'This paper explores the role of fantasy in E. Phillips Fox’s historical painting, ‘Landing of Captain Cook at Botany Bay 1770’ (1902) through two contemporary adaptations of the work in The Rabbits (1998) by John Marsden and Shaun Tan, and Daniel Boyd’s painting, ‘We Call Them Pirates Out Here’ (2006). Although markedly different in terms of their material production and aesthetic approach, the adaptations of ‘Landing of Captain Cook’ recapitulate its colonial fantasy by displacing the hyper-real contents of the original with surrealistic and pop elements, respectively. I suggest that as ‘after-images’, these adaptations usefully complicate the signification of ‘Cook’ and in so doing, engage with dialogues about how ‘Australia’ is constituted, and how it might be imagined. In this sense, the adaptations consciously draw out the fantasy of ‘Australia’ in the original through their later aesthetic permutations.' (Publication abstract)
'This paper interrogates the adaptation of two literary bushranger narratives to film during the Australian Film Revival in the 1970s and 1980s: The Chant of Jimmie Blacksmith (Fred Schepisi, 1978), an adaptation of Thomas Keneally’s 1972 novel of the same name, which itself was based on the true story of Jimmy Governor, and Donald Crombie and Ken Hannam’s 1985 adaptation of Rolf Boldrewood’s 1889 novel Robbery Under Arms, a text that has seen numerous other adaptations on both stage and screen. Analysis of these case studies demonstrates that the narratives’ ideological positions regarding Australia’s past can be understood in relation to the western genre, their narrative structures, selective deviations from their respective source materials, and the similitude of their bushranger characters to Graham Seal’s ‘outlaw legend’. I relate each film’s ideological stance on bushranging to its production context and argue that Robbery Under Arms depicts a romantic idealisation of Australian history that is closer to Alfred Dampier and Garnet Walch’s 1890 stage melodrama version than the original novel in its appeal to populist nationalism, while The Chant of Jimmie Blacksmith attempts a visual translation of the novel’s revisionist approach to bushranger and colonial legends.' (Publication abstract)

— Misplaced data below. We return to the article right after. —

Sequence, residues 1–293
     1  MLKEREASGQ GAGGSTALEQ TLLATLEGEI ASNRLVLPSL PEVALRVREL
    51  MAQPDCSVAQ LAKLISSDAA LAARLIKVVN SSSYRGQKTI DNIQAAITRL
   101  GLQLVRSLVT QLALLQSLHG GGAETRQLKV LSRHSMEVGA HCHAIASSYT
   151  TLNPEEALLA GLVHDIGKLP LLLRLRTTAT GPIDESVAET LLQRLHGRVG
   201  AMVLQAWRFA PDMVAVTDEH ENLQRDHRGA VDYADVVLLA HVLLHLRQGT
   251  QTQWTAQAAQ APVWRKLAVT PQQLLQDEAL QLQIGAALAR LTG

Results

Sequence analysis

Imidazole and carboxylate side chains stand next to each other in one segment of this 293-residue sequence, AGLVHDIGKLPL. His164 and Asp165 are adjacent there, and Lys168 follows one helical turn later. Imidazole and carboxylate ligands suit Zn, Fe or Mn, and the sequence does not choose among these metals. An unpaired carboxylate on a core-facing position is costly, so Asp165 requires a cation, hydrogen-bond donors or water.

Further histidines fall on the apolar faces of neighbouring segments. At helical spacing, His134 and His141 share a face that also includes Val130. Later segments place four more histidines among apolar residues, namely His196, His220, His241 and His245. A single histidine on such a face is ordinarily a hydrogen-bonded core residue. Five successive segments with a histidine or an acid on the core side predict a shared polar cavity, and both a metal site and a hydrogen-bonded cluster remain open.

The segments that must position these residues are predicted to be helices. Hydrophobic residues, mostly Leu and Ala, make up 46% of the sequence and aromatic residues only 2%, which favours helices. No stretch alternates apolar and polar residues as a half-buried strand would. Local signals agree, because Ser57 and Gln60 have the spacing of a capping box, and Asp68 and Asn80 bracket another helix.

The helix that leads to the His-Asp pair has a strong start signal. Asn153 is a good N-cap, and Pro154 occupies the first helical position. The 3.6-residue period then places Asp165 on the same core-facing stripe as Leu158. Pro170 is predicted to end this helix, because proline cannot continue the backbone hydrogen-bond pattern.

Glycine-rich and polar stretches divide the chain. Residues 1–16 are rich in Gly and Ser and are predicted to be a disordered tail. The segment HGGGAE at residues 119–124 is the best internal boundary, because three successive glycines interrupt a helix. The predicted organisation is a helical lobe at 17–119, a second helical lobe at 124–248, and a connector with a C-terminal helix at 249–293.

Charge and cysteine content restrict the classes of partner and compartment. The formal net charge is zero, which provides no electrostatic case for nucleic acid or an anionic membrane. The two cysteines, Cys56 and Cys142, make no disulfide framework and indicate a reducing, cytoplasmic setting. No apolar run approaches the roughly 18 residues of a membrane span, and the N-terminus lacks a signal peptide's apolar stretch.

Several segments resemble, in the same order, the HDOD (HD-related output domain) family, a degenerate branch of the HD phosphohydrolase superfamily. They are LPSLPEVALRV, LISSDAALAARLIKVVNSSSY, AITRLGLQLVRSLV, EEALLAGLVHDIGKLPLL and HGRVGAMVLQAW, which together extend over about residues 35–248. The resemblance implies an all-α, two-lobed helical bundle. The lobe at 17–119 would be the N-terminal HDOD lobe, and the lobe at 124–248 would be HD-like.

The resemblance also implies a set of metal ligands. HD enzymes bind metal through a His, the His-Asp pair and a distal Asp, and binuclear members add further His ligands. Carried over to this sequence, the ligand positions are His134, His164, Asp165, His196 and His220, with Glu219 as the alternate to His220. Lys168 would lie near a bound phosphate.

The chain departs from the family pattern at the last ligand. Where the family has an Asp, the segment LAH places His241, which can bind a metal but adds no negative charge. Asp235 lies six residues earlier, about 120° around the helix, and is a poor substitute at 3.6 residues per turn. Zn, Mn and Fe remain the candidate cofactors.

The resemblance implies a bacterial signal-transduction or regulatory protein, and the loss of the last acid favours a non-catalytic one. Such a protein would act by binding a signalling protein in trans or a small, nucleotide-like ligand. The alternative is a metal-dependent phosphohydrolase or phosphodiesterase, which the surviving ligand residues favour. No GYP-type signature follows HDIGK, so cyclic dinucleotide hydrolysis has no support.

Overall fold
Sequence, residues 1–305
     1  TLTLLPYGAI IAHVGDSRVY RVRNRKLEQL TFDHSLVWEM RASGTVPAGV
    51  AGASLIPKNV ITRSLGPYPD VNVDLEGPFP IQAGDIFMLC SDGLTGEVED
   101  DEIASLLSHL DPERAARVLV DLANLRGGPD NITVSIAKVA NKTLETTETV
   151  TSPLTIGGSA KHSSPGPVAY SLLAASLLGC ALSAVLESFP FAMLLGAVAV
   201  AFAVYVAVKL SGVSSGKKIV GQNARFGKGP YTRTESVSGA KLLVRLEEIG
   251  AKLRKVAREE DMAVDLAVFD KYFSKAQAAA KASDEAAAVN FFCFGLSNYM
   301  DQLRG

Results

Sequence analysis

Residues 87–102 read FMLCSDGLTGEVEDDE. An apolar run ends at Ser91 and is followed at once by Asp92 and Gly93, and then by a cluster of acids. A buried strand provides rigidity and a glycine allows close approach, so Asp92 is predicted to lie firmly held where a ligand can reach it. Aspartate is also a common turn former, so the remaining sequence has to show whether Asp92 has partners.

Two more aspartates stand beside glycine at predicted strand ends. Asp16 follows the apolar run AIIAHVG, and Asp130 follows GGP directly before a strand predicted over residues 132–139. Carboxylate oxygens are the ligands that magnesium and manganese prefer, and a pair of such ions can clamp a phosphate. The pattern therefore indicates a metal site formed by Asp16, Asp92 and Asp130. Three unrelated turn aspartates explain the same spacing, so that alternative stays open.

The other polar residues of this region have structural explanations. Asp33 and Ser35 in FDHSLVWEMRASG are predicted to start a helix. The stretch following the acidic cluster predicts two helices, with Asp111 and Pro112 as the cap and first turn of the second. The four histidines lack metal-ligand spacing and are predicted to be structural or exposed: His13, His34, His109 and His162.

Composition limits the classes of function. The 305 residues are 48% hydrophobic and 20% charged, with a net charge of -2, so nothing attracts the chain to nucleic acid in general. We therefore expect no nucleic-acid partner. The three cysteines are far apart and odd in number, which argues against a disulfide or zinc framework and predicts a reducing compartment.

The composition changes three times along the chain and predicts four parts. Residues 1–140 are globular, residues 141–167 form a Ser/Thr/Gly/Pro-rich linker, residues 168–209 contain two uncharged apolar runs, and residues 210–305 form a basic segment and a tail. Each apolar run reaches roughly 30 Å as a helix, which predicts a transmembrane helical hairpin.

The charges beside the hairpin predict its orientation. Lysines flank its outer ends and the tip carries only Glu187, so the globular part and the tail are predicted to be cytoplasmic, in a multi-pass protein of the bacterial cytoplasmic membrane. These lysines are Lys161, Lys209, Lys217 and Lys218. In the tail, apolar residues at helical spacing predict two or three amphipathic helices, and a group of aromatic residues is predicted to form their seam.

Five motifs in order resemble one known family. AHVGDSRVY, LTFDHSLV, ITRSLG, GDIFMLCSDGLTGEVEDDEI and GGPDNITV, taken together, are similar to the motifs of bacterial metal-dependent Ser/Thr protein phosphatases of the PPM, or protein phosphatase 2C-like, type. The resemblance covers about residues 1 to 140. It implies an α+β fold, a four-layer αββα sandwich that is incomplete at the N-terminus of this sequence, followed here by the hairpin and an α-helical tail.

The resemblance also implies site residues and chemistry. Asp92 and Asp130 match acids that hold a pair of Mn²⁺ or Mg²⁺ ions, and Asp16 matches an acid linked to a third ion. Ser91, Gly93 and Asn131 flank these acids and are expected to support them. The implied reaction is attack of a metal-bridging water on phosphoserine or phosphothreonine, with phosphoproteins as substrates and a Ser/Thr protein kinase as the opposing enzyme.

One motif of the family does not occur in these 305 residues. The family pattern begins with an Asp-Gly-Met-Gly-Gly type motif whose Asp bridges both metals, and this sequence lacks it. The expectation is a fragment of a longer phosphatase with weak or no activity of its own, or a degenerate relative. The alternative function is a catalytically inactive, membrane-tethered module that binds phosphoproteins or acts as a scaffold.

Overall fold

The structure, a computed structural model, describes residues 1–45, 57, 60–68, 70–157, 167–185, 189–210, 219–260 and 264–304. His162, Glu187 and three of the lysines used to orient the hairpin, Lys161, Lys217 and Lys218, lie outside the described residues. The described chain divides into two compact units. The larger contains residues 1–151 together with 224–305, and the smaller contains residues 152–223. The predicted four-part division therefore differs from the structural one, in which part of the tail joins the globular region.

'Since it burst onto the literary scene in 1886, the reception history of Fergus Hume’s The Mystery of a Hansom Cab has been uneven. Initially a huge success with readers, the text also strongly influenced Australian crime fiction in the 1880s and 1890s. As the twentieth century wore on, however, its critical reputation fell away, only to re-cover more recently as attention returned to popular crime fiction. As a result, the novel might not seem an obvious, straightforwardly canonical, source for a major adaptation produced by the national broadcaster. This essay argues, however, that as a text poised between the classifications of ‘popular bestseller’ and ‘classic’, The Mystery of a Hansom Cab was a surprisingly attractive proposition as a new classic adaptation for the adapters who produced it for the ABC in 2012. The essay explains why this was the case, analysing the meanings and effects of the telemovie in relation to several different frames, including recent developments in the contextualisation of the classic adaptation genre, the production context of Australian television drama in this period, and other generically similar historical series screened just before it. In this particular case study, the adaptation’s relationship with these cultural and generic networks is shown to be more significant than the status of the source text.' (Publication extract)